MAF spray victim forced to endure night in tent
Condemnation of MAF policy change as spray victim forced to endure night in tent
Community representatives involved in the West Auckland campaign to eradicate the Painted Apple Moth are condemning policy changes in MAF's medical relocation service during winter targeted aerial spraying.
Hana Blackmore, member of CC-PAM and the PAM Community Advisory Group, said the new policy resulted in evacuated people last week being forced to return home too early, and one resident to spend a cold, rain-soaked night in a tent in south Auckland.
Hana is accusing MAF and their health service providers of over-riding the individual clinical and health needs of their patients to save money. She had been contacted by several residents who were denied their usual extended relocation during last week's first targeted winter spray.
"This meant that these residents had to return home before the worst of the spray residue had dispersed, resulting in severe allergic reactions," said Hana.
"Even worse is the distressing case of the resident who was forced to camp in a tent last night in horrendous weather because she could not return home and risk the serious adverse reaction she gets to the spray."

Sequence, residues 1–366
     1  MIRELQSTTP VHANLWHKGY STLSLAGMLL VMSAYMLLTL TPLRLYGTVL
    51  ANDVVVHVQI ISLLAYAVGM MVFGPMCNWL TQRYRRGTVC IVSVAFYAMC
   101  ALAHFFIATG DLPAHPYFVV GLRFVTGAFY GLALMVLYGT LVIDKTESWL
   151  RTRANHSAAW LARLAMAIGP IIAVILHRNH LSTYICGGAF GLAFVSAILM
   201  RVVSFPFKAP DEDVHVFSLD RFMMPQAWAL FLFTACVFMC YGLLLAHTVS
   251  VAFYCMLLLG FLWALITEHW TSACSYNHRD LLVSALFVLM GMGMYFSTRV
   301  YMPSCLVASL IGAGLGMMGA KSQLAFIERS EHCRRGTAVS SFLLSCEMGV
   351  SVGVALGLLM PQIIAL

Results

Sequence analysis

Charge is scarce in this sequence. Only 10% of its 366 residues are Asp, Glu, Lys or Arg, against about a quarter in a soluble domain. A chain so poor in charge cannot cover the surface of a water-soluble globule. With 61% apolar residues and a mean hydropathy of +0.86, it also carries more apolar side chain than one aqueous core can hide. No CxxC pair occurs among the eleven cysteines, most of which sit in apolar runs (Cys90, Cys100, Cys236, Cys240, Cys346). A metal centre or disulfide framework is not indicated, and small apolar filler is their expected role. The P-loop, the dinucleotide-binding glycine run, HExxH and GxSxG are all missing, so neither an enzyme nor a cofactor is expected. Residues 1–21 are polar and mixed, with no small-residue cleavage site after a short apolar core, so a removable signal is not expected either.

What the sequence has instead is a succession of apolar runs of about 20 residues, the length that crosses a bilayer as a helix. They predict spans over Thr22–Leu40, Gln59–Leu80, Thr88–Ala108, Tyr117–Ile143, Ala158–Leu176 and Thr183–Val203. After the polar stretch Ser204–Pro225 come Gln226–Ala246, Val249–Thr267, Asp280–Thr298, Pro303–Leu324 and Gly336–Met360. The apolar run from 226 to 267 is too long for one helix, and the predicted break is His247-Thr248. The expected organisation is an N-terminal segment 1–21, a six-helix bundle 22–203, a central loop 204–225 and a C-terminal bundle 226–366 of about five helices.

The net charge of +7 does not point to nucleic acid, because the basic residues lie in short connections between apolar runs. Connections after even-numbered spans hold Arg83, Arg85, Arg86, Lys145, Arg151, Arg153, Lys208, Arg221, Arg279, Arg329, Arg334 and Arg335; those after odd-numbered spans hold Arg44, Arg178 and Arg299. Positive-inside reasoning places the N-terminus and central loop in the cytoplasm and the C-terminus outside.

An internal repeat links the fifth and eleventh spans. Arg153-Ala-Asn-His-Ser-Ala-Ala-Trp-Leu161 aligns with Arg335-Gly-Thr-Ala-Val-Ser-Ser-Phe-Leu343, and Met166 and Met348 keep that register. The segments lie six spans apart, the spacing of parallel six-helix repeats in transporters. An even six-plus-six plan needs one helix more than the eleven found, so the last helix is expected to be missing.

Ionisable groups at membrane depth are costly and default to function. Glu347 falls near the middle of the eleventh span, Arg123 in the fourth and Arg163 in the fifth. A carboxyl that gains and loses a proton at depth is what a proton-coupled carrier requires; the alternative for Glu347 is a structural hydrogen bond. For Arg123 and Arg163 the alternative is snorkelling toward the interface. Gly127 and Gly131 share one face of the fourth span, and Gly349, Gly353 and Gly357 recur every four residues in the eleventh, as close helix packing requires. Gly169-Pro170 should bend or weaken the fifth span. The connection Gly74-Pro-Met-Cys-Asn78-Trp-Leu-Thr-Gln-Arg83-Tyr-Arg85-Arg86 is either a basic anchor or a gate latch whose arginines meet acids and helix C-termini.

Frantic intervention today by Hana and other community representatives in this particular case, has resulted in the resident getting an immediate relocation by the PAM health service into a suitable motel.
But Hana says this case highlights the nonsense of applying 'one size fits all' policies. "There is no difference between blanket spraying and targeted spraying for those in the area who are affected. Implying that targeted spraying is not as 'harmful' , and people do not need to be evacuated for the same duration, is unscientific and unsubstantiated".
Hana is demanding an urgent review of the relocation and support service policy being offered to West Auckland residents during aerial spraying and will be contacting community representatives on the PAM Health Advisory Group
problems cannot be allowed to put people at risk.
Ethically, If MAF cannot take care of people, they should
stop spraying immediately. The individual health needs of
every one of the spray affected people must be paramount,"